I'm going to keep this brief, because I'd like to believe the quicker this review is out there, perhaps the sooner the finale of the series will be released, and boy has it been set up for one hell of a finale. Despite crossing multiple timelines, Marty just cannot catch a break, just when you think everything is going your way, a spanner is thrown into the works and before you know it, your past, present and future are in jeopardy.
If you've not been following the series, episode 1 took Marty back to 1931 where he had to clear Doc of an Arson trial, this endangered Marty's Grandfather, which he had to go back into episode 2 to save, episode 3 wowed us with a spectacular dystopian present for 1986 which was the result of Marty's meddling in 1931, in episode 4 Marty tries to right this wrong, which goes horribly wrong, and ends in the possible complete eradication of the present as he knows it.
The episode again feels quite short, and is but a snippet of a much larger experience that adds to the Back to the Future universe, expanding it in a way that would not be possible in film, not to mention, nowhere near as entertaining. No matter how short an episode is, Telltale Games are masters at making you forget the trivial matters such as length, and compensate by ensuring that the last thing that you remember about the latest episode is the devastating cliff-hanger that they put at the end of everyone.
The episode comprises of practically two acts; you need to escape from the confines of the Citizen Brown complex in the alternate 1986, and then convince a young Doc Brown that Edna is not the woman for him, or perhaps that last one is actually the other way around. These two scenarios both work on two main puzzles surround the Doc; freeing him from the clutch of Edna in 1986, and.. freeing him from the clutch of Edna in 1931.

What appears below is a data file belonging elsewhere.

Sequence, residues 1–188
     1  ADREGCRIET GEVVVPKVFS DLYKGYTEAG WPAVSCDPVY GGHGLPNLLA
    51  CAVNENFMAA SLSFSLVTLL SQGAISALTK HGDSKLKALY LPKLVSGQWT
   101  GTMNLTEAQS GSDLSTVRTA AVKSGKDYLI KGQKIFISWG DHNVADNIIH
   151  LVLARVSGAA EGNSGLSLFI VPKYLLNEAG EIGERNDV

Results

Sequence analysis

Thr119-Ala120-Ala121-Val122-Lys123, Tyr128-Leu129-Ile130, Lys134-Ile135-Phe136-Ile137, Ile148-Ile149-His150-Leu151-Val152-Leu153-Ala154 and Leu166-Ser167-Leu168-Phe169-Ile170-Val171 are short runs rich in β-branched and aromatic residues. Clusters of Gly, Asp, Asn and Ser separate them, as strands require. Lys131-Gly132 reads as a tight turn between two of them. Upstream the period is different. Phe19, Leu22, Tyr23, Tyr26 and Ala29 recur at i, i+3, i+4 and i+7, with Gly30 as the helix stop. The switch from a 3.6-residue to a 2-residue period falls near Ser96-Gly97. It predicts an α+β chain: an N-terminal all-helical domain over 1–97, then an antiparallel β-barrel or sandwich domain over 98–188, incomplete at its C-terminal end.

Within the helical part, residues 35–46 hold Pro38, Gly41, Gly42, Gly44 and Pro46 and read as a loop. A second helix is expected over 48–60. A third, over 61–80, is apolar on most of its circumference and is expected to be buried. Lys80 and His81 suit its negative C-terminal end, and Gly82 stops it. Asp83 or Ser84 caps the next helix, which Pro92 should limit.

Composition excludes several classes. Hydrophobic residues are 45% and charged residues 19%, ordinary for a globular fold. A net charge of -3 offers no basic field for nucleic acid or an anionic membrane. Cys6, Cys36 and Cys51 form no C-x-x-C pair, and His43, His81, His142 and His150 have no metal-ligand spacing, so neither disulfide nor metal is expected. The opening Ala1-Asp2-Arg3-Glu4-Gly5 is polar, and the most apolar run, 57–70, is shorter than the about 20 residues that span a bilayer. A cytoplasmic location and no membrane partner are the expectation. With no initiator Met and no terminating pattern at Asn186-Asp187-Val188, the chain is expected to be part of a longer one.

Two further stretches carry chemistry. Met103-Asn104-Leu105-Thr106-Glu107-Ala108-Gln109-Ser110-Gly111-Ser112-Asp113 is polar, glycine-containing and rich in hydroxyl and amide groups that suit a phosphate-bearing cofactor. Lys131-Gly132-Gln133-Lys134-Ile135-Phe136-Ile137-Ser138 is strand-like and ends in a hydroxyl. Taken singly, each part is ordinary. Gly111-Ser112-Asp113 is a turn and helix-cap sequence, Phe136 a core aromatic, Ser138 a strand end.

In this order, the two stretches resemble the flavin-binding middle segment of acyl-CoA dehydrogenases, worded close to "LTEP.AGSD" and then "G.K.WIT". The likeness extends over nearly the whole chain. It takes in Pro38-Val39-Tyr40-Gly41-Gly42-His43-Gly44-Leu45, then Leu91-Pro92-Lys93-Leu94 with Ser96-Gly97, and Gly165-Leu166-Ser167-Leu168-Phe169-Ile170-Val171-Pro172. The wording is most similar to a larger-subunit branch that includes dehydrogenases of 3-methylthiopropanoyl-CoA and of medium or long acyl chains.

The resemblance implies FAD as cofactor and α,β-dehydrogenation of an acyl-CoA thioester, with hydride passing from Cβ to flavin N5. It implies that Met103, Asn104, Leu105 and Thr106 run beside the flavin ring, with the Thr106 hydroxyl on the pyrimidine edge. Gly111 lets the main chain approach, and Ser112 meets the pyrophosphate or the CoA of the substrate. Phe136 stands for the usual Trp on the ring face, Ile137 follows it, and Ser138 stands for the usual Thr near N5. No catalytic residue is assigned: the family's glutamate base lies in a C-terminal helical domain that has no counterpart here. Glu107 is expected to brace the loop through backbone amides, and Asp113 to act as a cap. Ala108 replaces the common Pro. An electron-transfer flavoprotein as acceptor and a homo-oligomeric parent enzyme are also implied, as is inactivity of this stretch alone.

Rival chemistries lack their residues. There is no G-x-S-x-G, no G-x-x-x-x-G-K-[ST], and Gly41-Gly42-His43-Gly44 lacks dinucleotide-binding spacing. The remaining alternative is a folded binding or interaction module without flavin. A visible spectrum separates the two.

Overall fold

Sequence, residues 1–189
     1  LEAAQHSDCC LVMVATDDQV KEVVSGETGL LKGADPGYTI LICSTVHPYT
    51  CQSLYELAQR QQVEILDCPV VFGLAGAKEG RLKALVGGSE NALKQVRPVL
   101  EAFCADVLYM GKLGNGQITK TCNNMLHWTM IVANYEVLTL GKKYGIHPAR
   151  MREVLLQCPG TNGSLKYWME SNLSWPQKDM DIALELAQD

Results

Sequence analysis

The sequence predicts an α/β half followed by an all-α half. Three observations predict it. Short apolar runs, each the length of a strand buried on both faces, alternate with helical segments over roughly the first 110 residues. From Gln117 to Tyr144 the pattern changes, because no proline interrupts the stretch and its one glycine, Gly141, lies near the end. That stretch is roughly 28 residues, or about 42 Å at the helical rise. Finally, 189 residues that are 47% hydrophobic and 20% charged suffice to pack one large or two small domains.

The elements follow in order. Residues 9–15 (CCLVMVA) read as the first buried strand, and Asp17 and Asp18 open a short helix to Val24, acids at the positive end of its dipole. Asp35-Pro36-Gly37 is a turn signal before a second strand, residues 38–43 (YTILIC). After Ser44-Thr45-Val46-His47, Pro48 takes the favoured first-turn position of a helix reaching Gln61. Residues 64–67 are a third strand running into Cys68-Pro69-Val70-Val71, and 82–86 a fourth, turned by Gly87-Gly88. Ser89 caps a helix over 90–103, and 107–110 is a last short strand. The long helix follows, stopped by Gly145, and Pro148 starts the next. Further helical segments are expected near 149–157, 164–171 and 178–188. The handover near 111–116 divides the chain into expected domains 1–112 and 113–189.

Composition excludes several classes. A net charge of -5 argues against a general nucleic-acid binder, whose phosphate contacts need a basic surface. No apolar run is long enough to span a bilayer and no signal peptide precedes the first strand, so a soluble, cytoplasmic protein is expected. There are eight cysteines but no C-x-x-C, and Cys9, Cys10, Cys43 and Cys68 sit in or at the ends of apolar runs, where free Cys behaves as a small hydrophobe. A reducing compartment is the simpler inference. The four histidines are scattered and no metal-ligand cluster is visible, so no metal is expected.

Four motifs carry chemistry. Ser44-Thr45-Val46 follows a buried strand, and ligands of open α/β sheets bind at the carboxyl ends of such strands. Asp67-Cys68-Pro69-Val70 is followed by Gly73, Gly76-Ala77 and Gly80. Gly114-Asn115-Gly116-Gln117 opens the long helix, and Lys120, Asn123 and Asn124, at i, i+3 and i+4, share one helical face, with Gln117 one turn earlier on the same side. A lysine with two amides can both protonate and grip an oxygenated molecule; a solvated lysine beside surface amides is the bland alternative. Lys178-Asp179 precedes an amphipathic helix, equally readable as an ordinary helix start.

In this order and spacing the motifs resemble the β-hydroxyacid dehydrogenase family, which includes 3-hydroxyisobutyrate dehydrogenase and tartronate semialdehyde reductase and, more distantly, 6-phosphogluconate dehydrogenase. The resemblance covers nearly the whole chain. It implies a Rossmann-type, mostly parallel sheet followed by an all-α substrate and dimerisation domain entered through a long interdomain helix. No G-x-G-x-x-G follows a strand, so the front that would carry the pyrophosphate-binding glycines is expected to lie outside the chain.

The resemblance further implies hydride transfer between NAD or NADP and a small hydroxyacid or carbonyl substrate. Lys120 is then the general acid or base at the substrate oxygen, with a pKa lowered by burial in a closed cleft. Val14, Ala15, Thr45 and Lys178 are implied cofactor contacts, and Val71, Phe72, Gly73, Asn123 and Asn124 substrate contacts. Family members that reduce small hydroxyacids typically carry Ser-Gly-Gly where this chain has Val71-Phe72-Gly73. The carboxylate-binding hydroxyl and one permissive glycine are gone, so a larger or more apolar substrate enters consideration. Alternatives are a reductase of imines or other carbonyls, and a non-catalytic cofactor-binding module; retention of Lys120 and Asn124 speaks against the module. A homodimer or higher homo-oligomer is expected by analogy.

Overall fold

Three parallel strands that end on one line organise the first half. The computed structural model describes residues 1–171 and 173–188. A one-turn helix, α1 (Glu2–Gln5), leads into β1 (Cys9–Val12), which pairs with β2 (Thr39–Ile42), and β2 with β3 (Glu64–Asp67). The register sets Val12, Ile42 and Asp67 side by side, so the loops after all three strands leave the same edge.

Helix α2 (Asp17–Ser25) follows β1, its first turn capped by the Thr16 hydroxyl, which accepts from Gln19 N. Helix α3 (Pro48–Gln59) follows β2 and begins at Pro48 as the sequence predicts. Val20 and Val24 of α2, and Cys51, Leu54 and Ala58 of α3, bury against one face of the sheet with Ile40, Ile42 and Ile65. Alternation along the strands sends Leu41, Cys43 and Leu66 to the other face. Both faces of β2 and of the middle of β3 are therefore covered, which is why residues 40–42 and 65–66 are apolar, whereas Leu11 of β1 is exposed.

The later half of the two halves is possibly the most fun; breaking out of a ‘prison’ is pretty good, especially when you get a little more stealthy action in the episode, however convincing Edna that Doc is a womanizing degenerate slob is quite a task, and extremely rewarding. As always the episode is full of intuitive puzzles, cracking dialogue, and the best Michael J. Fox voice actor since the actor himself.
Double Visions is the penultimate episode in one of the finest series' that Telltale have made to date, whilst Edna may not be everyone's favourite Telltale branded character, the stir that she has put on the Back to the Future universe is catastrophic, and the last episode looks to be epic in proportions.
Back to the Future episode 4: Double Visions is available now to all those that have bought the Back to the Future The Game series, if you haven't purchased the series, then you can do so now for the low price of $24.99, as little as $5, which is practically £15 for the whole series.